Saturday, November 25, 2006
Developmental Disabilities – Our Brains – Our Foods – The Connection
In a recent conversation, a friend asked me why I pay the high price for organic foods. “Is it because you’ve had cancer?” she queried, “I can’t afford to buy every food organic all the time, so I just never got in the habit. How do you sort out when to buy organic? Does it really make that much difference?”
There are several reasons to consider switching your food choices to organic, whenever your budget and the local options allow. The benefit of eating these organic foods is only one reason. By supporting the organics industry, you also contribute positively to a serious, and seriously overlooked, environmental problem of our times. Chemicals in our environment, whether used directly in the production of foods, or polluting our environment in other ways, are putting our brains at risk. At the very least, supporting the organic foods industry places you on the positive side of this crucial equation.
Industrial Chemicals and Brain Development
(See “Developmental Neurotoxicity of Industrial Chemicals” The Lancet, November 8, 2006)
I have been following the news about chemicals used in manufacturing of all kinds, as well as in growing and processing our foods, for over thirty years. Recent information of importance to us all comes from researchers at Harvard School of Public Health and the Mount Sinai School of Medicine. The paper was named “A Silent Pandemic: Industrial Chemicals Are Impairing the Brain Development of Children Worldwide.”
The paper reports the striking statistic that one out of every six children has a developmental disability, usually involving the nervous system. Neurodevelopmental disorders (NDDs), include autism, attention deficit disorder, and mental retardation. "Even if substantial documentation on their toxicity is available, most chemicals are not regulated to protect the developing brain," says Grandjean. "Only a few substances, such as lead and mercury, are controlled with the purpose of protecting children. The 200 other chemicals that are known to be toxic to the human brain are not regulated to prevent adverse effects on the fetus or a small child." At present in the U.S., requirements for toxicity testing of chemicals are inadequate.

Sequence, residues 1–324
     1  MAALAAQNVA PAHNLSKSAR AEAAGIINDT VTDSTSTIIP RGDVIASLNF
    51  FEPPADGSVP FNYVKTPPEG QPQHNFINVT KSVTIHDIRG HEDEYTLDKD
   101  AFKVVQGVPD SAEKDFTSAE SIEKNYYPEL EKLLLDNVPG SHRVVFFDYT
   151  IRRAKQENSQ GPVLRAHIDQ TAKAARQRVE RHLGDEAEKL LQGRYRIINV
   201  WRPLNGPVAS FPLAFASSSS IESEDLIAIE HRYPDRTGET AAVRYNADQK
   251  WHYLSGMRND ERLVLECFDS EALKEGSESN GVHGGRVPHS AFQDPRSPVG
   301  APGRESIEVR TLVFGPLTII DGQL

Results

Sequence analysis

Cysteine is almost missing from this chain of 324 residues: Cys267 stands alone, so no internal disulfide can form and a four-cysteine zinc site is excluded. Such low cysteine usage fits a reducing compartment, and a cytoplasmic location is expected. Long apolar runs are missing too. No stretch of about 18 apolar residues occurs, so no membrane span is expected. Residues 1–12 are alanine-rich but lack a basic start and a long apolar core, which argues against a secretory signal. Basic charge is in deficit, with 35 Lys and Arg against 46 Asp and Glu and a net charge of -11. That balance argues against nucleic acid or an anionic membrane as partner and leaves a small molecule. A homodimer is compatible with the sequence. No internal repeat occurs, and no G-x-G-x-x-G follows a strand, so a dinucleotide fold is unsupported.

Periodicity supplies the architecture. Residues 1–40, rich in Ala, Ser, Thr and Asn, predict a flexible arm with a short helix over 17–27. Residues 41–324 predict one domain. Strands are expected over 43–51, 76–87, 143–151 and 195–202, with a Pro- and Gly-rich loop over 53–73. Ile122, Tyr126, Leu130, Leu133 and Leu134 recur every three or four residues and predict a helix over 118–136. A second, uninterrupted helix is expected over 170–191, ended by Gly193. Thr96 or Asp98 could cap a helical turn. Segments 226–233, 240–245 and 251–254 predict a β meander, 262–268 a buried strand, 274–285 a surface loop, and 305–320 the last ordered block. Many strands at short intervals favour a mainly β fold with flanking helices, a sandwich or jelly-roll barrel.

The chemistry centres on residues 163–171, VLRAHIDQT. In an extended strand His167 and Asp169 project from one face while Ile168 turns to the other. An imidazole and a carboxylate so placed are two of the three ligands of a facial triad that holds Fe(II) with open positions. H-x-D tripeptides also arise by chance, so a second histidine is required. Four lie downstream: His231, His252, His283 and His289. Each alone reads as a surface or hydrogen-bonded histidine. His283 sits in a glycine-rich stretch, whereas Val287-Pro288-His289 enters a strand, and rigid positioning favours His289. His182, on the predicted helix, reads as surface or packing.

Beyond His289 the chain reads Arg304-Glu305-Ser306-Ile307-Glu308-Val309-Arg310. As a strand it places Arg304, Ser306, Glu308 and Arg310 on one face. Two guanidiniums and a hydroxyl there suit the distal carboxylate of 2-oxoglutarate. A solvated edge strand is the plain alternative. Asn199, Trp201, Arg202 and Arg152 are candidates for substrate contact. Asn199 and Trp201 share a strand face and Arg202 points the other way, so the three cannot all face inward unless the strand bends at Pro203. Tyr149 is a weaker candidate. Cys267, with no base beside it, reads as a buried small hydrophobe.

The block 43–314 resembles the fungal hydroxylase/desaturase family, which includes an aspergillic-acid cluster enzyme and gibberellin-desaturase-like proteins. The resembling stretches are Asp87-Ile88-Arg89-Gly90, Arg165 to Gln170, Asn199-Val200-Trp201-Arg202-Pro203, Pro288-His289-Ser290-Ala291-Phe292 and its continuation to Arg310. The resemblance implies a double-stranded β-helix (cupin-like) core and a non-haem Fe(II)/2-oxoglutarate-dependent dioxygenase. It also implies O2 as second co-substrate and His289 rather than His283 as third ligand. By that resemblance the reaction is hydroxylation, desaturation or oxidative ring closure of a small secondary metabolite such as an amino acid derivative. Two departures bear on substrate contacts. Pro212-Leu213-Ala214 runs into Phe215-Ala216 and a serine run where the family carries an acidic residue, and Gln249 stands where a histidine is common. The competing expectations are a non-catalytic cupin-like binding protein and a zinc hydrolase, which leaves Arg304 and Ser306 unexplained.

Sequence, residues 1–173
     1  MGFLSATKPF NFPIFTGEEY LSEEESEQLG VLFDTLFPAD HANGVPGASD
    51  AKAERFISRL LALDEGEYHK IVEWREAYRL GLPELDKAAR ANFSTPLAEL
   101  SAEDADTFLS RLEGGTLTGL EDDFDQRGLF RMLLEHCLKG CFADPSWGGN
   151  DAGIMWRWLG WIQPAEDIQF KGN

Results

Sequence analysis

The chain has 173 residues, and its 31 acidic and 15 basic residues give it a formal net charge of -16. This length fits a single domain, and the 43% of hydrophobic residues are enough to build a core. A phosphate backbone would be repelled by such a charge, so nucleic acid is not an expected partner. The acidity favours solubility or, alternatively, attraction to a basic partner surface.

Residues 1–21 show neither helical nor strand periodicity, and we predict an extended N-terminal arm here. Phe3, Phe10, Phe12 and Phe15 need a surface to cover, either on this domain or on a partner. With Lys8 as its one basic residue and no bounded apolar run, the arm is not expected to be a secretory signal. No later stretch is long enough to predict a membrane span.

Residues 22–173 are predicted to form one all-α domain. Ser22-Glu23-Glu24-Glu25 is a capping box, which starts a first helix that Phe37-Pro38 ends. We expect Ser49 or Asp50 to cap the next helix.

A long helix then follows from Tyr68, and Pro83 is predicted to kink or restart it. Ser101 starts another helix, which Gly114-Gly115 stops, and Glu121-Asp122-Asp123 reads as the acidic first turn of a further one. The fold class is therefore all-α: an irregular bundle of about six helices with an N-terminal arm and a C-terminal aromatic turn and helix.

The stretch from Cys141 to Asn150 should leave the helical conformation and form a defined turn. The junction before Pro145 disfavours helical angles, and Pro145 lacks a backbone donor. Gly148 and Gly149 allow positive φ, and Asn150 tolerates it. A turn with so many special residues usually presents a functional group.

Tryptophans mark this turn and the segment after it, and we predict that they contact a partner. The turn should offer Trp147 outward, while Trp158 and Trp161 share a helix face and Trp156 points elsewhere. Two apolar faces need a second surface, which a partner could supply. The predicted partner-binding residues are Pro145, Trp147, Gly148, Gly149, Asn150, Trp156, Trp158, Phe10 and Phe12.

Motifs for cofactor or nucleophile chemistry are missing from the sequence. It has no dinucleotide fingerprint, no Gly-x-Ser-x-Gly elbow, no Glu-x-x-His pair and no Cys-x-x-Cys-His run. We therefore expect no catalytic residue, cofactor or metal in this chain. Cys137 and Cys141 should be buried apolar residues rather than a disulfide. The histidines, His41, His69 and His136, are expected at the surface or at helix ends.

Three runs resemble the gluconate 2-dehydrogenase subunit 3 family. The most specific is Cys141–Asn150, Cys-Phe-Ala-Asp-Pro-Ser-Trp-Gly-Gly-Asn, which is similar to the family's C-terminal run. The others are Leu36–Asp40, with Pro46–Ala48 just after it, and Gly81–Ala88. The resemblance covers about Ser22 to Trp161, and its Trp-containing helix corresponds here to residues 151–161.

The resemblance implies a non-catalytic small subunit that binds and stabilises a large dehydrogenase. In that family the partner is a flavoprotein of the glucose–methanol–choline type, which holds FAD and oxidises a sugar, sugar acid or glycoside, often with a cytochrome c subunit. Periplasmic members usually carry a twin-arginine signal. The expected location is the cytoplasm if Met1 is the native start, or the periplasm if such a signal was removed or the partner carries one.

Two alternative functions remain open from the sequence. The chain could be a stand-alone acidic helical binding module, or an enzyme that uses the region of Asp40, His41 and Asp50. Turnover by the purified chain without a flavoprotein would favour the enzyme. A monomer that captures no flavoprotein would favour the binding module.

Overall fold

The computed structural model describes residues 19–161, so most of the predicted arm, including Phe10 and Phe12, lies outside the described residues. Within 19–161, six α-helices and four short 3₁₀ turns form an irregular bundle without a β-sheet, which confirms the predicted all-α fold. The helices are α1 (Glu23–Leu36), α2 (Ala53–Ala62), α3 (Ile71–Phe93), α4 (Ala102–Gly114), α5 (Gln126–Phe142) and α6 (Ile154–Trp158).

Other consequences from chemical exposures to developing brains include shortened attention spans, slowed motor coordination and heightened aggressiveness, along with increased risk of Parkinson’s later in life.
I want to give my body its best chance for continued health, and I consider organic foods to be an important part of that objective. When I buy organic foods or foods from a transitional farm (on their way to passing the strict organic certification), I vote. I make the statement that I do not want our environment, and the developing brains of our children, polluted. In this way the consumer functions as a kind of regulatory agency. This is a great use of our brains!
To learn more about buying organics and overall impact, an excellent article can be found at www.consumerreports.org/cro/food/organic-products-206/overview/index.htm
For more information about industrial chemicals and toxic effects on brain development, go to: http://www.hsph.harvard.edu/neurotoxicant/appendix.doc
To see information about toxins in newborns, see the Environmental Working Group’s site at http://www.ewg.org/reports/bodyburden2/.
If you know of families with children with an autism spectrum disorder, you might let them know about an autism study at http://www.zeoliteautismstudy.com/.
Posted by Suzanna B. Stinnett at 11:06 AM